Detailed copy plate engraving showing Commodore Byron's meeting with the supposed "giants" of Patagonia.
The legend of the strikingly tall Patagonians has its origins in Magellan's voyage in the 1520s. According to Pigafetta's account, Magellan encountered a race of giants whom he referred to as "Patagons" because of their large feet. Hence the southern tip of South America came to be known as Patagonia. Other 16th Century reports of the giant Patagonians came from Francis Fletcher, the chaplain serving with Sir Francis Drake, and from Anthonie Knivet, who had sailed with Sir Thomas Cavendish, who claimed to have seen dead bodies in Patagonia measuring 'over twelve feet in length'. In the early-eighteenth century Captains Harrington and Carmen in 1704 both corroborated the story.
The story gained popular currency after the return of Byron's ship Dolphin from her circumnavigation. While the ship lay in dock, a rumor leaked out that the crew had encountered a tribe of 'nine-foot giants' in Patagonia in 1764. The account of Byron's meeting with the giants first appeared in print in May 1766 in the Gentleman's Magazine, and was followed by other newspaper reports. Byron's own account, with its well-known engraved frontispiece of European officers standing waist-high to enormous Patagonians, was published in 1766. As Bernard Smith points out, Byron did not have the luxury of an artist on board the Dolphin to record this meeting. Instead it was left to an artist in London to furnish the illustration from Byron's description of events: 'one of them, who afterwards appeared to be a Chief, came towards me: he was of a gigantic stature, and seemed to realize the tales of monsters in a human shape…'.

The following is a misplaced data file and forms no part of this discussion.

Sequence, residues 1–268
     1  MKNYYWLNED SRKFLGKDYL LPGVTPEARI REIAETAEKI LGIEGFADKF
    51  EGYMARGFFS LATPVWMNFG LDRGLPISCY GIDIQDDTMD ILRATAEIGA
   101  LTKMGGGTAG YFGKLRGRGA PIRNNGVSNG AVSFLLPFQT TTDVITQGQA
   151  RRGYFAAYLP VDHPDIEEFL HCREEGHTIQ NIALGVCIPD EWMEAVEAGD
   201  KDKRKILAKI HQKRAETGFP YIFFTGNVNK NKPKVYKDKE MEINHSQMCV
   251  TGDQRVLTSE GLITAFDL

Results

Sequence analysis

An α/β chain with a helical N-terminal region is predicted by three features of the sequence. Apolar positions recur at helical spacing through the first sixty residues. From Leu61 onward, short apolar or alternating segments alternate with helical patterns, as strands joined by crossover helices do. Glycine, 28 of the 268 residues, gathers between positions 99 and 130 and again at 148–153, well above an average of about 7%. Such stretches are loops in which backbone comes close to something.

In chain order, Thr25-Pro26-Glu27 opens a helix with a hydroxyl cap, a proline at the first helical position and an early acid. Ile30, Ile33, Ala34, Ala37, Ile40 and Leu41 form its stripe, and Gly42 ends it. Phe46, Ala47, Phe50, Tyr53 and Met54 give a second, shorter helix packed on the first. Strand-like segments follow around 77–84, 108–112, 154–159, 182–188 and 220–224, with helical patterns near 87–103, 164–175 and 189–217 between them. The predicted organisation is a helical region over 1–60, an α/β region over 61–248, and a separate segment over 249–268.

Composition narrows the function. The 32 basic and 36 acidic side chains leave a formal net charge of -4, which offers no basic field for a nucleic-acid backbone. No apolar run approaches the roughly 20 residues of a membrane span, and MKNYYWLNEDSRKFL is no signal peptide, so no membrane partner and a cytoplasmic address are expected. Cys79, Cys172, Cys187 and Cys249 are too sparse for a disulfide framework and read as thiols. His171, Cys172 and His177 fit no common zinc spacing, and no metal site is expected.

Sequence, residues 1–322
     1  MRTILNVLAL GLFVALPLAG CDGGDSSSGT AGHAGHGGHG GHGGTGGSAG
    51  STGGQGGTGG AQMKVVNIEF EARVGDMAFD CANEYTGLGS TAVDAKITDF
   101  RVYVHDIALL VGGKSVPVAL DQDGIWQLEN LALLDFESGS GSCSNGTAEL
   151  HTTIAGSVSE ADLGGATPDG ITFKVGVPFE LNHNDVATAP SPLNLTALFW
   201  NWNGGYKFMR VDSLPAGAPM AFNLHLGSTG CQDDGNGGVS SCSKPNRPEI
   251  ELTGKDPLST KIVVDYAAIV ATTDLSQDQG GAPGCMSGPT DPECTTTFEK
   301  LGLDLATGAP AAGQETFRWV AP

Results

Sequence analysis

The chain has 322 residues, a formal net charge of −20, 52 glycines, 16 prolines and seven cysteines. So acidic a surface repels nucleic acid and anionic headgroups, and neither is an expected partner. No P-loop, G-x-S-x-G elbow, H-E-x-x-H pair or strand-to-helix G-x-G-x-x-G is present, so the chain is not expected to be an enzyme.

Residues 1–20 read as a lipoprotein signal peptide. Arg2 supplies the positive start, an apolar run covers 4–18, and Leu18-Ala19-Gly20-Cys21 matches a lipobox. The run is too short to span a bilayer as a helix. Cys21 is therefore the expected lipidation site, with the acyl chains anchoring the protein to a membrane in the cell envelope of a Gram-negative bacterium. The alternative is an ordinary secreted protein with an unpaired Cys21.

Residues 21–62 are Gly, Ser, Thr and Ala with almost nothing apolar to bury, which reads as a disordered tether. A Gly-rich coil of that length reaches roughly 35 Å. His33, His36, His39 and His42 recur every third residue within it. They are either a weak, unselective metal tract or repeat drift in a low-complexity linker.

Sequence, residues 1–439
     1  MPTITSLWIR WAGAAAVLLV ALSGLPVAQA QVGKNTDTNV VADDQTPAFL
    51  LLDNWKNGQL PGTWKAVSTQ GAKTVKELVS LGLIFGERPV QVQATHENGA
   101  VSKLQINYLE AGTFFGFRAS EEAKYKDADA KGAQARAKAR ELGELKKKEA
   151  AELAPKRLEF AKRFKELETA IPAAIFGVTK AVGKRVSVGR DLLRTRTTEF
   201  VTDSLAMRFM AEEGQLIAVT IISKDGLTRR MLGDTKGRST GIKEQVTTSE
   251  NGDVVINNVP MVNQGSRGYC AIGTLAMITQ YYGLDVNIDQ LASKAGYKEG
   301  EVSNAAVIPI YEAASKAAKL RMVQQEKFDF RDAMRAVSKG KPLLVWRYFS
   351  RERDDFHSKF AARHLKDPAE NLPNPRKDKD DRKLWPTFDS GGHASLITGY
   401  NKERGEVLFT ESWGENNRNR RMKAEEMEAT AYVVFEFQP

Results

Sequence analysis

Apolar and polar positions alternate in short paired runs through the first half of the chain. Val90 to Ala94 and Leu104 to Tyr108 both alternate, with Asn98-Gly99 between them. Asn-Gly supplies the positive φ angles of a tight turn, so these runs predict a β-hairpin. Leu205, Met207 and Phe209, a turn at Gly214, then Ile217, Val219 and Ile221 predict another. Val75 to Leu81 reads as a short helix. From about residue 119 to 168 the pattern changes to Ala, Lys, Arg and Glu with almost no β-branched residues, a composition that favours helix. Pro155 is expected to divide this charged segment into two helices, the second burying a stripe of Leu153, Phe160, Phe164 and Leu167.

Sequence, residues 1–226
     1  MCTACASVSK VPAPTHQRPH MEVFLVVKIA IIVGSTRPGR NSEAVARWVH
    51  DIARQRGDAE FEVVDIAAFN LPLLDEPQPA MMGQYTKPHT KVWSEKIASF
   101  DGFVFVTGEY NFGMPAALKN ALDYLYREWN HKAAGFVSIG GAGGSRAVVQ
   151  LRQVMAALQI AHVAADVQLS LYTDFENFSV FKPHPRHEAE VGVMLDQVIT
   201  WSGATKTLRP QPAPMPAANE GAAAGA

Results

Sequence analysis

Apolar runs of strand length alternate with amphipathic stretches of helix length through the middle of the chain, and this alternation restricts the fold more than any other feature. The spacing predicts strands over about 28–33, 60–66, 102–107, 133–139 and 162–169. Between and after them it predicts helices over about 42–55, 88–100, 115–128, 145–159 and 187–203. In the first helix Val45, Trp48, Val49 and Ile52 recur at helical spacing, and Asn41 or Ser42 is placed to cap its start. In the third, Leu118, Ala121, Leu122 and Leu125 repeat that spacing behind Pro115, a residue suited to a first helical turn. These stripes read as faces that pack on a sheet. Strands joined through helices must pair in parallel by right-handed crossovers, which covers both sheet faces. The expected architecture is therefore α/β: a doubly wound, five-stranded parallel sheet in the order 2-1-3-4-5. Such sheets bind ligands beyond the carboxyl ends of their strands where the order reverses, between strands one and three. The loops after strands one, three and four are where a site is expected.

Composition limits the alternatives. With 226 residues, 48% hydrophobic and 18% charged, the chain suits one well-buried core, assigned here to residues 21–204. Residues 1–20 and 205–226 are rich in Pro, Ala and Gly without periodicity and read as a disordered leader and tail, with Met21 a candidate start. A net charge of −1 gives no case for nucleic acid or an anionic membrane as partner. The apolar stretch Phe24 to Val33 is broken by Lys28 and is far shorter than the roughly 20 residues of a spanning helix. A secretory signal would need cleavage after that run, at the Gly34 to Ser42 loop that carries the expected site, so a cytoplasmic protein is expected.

Yet despite the presense of skilled artists and observers on the Endeavour voyage of 1764, which put the height of male Patagonians at between 'five feet eight inches to five feet ten inches', the myth persisted. This was in large part due to Hawkesworth's combined narrative of the voyages of Byron, Cook and others published in 1773, which concluded that the giants did indeed exist. An engraved plate depicting the "interview" with Byron shows the Patagonians towering head and shoulders above the Englishmen.
Alexander Hogg was a publisher active in London from 1778 to 1824. He worked under the sign of the Kings Arms on Paternoster Row. He is especially known for publishing architectural and historical prints, as well as maps.